Pleached Purple Beech, Pleached Copper Beech

Pleached Fagus sylvatica ‘Atropunicea’, Fagus Sylvatica Purpurea (Fagaceae)

pleached fagus sylvatica ‘Atropunicea’
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Like the Fagus sylvatica the Fagus sylvatica ‘Atropunicea’, is an imposing tree. Careful consideration needs to be given to the positioning of this trees due to its striking purple colour in spring. In the right situation there is no substitute for Purple or “Copper Beech”, the effect can be sensational.

  • Deciduous
  • Hi and low pleached options
  • Also available as hedge plants, instant hedge elements, specimen trees, clean stem and feathered trees, tall standard, multistem trees, topiary shapes including columns/cylinders/beehives/domes/ball on stem/cube on stem/layer cake/cubes and other topiary shapes, arches and archway, block on stem, box head trees
  • Stem girth from 12-14cm up to 35-40cm, occasionally bigger available but they need booking in advance
  • Various stem heights and frame sizes available
  • Trained on frame in pleached form for 1-8 years in some cases even longer
  • Available as freshly pleached trees while stocks last
  • Available in pots and containers, cocoa rootball or rootball
  • Nationwide delivery service by articulated lorry, smaller vehicle by prior arrangement

Here are some examples of trees currently available. Click any image to enlarge or to send an enquiry about that specific plant.

 

Purple Beech, Copper Beech – Fagus sylvatica ‘Atropunicea’, Fagus sylvatica Purpurea (Fagaceae)

There have been numerous cultivars of Green Beech created by horticultural selection since the early 19th century. One of the most popular of these cultivars is the purple beech (Fagus sylvatica Purpurea). This Cultivar is often confused with Copper Beech – a seedling with variable leaf colour. The cultivar produces a consistent dark purple/rich red coloured leaf in the spring. Like many purple leafed varieties, the leaf colour changes gradually to a dark spinach green colour in summer, eventually looking very similar to the Common Green Beech and in certain circumstances it can be very difficult to tell the two apart at this time of year.

Purple Beech offers Designers and Landscape Architects a refreshing change to Green Beech and while careful consideration should be given to its positioning it is a really popular choice for those looking for a large tree with a purple accent. In practically all other respects it is the same as the Green Beech.

Popular as hedge plants, specimen trees, clean stem and feathered trees, multistem trees, topiary shapes including columns/cylinders/beehives/domes/ball on stem/cube on stem/layer cake/cubes and other topiary shapes. Arches and archway, Hi and Low pleached trees, block on stem or box head trees. Available as rootball plants in the winter months, potted stock available while stocks last and cocoa rootball can be arranged for delivery throughout summer period by prior arrangement.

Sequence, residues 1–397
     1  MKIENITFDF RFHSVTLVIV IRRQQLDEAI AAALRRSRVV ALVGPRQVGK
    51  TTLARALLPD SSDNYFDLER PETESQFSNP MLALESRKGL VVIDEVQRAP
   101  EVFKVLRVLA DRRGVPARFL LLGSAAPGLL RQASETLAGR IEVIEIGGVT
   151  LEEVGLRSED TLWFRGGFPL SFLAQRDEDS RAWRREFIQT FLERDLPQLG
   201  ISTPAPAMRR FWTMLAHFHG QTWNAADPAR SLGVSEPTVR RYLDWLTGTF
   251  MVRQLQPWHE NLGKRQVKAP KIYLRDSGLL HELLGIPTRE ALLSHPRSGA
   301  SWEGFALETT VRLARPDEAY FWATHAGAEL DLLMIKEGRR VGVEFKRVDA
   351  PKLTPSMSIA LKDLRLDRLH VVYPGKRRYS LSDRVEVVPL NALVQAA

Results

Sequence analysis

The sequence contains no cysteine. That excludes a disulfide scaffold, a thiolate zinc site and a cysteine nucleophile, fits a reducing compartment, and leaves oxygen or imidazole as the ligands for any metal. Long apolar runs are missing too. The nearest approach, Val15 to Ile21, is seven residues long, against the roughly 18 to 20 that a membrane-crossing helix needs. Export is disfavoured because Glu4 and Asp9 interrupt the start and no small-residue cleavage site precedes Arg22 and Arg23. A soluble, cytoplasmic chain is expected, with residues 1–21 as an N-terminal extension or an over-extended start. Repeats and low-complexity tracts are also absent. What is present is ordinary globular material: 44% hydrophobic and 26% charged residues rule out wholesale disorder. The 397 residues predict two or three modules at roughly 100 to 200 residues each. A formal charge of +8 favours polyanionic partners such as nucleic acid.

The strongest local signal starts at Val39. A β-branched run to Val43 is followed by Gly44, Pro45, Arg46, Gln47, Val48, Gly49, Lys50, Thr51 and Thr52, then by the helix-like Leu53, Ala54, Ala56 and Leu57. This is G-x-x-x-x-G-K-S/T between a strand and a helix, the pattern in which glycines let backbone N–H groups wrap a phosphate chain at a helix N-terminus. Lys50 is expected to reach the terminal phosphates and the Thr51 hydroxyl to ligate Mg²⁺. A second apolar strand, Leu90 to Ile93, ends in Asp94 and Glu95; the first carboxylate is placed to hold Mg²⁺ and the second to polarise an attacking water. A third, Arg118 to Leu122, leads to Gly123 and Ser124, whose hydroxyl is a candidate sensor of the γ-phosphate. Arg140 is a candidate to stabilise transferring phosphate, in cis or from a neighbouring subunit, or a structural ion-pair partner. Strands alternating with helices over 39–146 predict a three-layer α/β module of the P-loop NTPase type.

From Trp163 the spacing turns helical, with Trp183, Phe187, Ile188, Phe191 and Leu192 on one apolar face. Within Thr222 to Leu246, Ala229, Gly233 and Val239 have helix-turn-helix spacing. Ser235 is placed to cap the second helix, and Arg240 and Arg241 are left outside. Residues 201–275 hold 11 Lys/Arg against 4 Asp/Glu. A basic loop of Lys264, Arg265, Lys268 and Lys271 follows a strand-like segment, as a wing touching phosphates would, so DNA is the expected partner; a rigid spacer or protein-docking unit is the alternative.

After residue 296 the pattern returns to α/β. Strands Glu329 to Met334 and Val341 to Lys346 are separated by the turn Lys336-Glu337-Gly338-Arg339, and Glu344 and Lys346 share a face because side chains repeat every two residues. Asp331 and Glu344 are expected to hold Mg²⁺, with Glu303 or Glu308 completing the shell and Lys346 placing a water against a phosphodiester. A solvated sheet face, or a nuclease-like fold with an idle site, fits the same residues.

Planting advice for Pleached trees, Freshly Pleached trees, Espalier trees and Freshly Espaliered trees.

An important consideration when planting pleached or espalier trees in a straightfreshly pleached trees ready to be planted line is the slope of the ground. Pleached or Espalier trees look their best when they are planted on flat or gently sloping ground. Doing so will line up the frames and stems and creating effect of one continuous line when viewed at all angles. Even on a gradual slope this effect can be achieved. However, with a slope of more than 10-12 degrees, it may be necessary to step the trees/frames when planting (the frames on freshly pleached trees can be manipulated to account for a sharper slope of perhaps 15 degree if necessary).

To create a good visual effect, it is important to line up the stems and frames (unless you are planting them in a circle or semi-circle). To start off the planting holes should measure roughly double the width of the rootball or pot….

Read our full planting guide here

How are Pleached Trees made?

freshly pleaching trees on framePleached trees or screen trees start life as a seedling or cutting, much like any other tree, being repotted or replanted a number of times in their formative years. They grow happily on the nursery with hundreds or even thousands of other trees. When the time is right, highly skilled nurserymen and woman go out into the field amongst the trees with tags in hand and pick the very best trees for pleaching. The criteria for choosing the best trees for training includes, selecting those with the straightest stems, healthy root stock and appropriately spreading and uninform crowns. Once tagged and lifted the trees are loaded onto trailers and sent to potting sheds for training. Read our full guide to pleaching trees here

Delivery varies depending on:lifting large plants over a house

  • How many trees you require
  • If you want us to plant them
  • Accessibility of the site
  • If any need sourcing
  • The seasonal ability to lift or plant specific species

    Please contact us to discuss your individual requirements.

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